Derryn Hinch to vote with Labor and pass refugee medical transfer bill

Desiree Burns
February 13, 2019

The Australian government has lost control of the parliament for the first time in nearly a century, losing a major vote on a bill to help evacuate critically ill refugees from offshore processing centers.

But the 75-74 vote - which came on the first sitting day of Parliament this year - in favour of the refugee Bill opposed by the government is a blow to the already embattled Prime Minister and raised questions about whether he can remain in office.

Immigration policy requires asylum seekers intercepted at sea to be sent to camps in PNG and its northern island of Nauru, and they can not set foot in Australia, even if they are found to be refugees.

The Bill, which is an amendment to government legislation, was first passed by the Upper House in December, and will return to the Senate for a vote on Wednesday after several changes were made to it. Despite his historic loss, Prime Minister Scott Morrison has refused to do the same.

"My job now is to ensure that the boats don't come", he told reporters at Parliament House on Wednesday.

Mr Morrison said he expected the new medical evacuation laws could restart the people smuggling trade and Australia needed to be ramp up national security efforts as a result.

"We have approved putting in place the reopening of the Christmas Island detention facilities, both to deal with the prospect of arrivals as well as dealing with the prospect of transfers", Morrison said in a press conference following his government's defeat in the parliament.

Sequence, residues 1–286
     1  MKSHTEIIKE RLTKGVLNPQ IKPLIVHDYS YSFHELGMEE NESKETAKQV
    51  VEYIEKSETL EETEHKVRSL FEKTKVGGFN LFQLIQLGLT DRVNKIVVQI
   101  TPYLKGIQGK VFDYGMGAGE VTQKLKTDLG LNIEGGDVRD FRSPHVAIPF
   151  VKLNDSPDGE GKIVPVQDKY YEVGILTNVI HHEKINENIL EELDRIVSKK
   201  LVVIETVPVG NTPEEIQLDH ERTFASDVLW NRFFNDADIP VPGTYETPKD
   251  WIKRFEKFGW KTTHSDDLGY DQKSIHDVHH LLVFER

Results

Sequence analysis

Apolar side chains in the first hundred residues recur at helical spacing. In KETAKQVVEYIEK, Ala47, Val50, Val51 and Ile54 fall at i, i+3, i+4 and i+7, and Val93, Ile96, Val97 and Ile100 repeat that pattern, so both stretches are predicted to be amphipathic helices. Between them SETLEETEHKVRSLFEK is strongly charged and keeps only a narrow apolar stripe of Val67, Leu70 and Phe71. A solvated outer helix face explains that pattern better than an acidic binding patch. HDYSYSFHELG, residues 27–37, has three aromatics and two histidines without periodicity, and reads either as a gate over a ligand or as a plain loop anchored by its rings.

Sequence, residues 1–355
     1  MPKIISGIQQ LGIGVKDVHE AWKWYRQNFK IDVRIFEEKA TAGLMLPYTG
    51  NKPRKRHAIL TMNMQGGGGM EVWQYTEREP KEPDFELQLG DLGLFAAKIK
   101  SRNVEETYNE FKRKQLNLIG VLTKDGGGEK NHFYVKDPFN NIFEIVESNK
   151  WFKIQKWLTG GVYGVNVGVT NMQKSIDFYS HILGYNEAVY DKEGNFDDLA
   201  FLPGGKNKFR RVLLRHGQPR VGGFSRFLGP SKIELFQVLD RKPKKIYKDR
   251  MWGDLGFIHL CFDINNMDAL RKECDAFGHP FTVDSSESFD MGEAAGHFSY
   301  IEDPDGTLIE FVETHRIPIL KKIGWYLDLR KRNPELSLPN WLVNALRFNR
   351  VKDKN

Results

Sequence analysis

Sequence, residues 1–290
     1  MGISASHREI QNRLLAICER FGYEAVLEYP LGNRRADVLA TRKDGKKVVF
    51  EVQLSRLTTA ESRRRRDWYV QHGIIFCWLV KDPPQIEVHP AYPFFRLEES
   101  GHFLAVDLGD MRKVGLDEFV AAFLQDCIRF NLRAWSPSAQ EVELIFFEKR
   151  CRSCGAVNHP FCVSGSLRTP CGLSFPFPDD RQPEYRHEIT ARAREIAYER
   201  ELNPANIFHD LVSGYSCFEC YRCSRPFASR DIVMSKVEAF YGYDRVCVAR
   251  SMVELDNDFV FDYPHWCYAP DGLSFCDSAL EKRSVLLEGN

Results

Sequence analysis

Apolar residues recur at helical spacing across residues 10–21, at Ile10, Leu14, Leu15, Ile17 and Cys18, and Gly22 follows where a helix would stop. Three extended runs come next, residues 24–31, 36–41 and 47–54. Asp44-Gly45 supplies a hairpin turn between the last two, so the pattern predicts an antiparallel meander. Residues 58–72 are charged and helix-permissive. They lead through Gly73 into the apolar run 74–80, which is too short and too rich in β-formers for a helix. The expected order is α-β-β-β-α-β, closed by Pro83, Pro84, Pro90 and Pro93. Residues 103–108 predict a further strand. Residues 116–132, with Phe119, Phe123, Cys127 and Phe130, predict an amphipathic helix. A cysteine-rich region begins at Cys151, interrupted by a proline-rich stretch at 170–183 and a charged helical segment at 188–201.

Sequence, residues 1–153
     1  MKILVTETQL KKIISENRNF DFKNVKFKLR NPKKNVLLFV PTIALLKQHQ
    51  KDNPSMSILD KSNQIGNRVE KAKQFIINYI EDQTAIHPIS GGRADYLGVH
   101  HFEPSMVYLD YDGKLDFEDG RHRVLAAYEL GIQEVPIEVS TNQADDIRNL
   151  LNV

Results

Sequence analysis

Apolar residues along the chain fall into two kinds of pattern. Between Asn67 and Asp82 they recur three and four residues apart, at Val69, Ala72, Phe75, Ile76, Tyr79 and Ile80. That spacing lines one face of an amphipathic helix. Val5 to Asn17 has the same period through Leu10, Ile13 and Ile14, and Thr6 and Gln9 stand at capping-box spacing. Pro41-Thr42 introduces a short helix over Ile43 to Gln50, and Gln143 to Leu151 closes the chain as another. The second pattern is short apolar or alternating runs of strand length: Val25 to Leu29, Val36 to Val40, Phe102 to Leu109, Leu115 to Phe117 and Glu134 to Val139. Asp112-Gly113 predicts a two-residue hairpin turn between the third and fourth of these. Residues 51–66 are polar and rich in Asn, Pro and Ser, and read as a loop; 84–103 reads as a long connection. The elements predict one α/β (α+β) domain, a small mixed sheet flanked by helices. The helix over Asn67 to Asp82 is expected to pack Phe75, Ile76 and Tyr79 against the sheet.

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Under a harsh policy meant to deter asylum seekers from reaching Australia by boat, Canberra sent arrivals to Nauru and Papua New Guinea for processing and barred them from resettling in Australia.

Senator Hinch backed the bill in the Senate late previous year.

The changes included a provision that only the 1,000 asylum seekers now held on Nauru and Papua New Guinea and not any future arrivals would be considered for medical evacuation under the new regime.

Opposition Leader Bill Shorten believes he has responded to community concern about sick refugees in detention, and is desperately hoping the ALP's buffer in the polls will be enough to protect it from any backlash on border protection.

Medical evacuations have become a loophole in Australia's policy of exiling asylum seekers who arrive by boat.

Scott Morrison remains defiant after the medical refugee transfers bill was passed today, warning the new laws will weaken Australia's borders. "In the previous year alone, we have had to take court action repeatedly to help secure the medical evacuation of 26 ill people on Nauru, many of these children". "This puts Australia back on the map for people smugglers and Bill Shorten has that on his shoulders".

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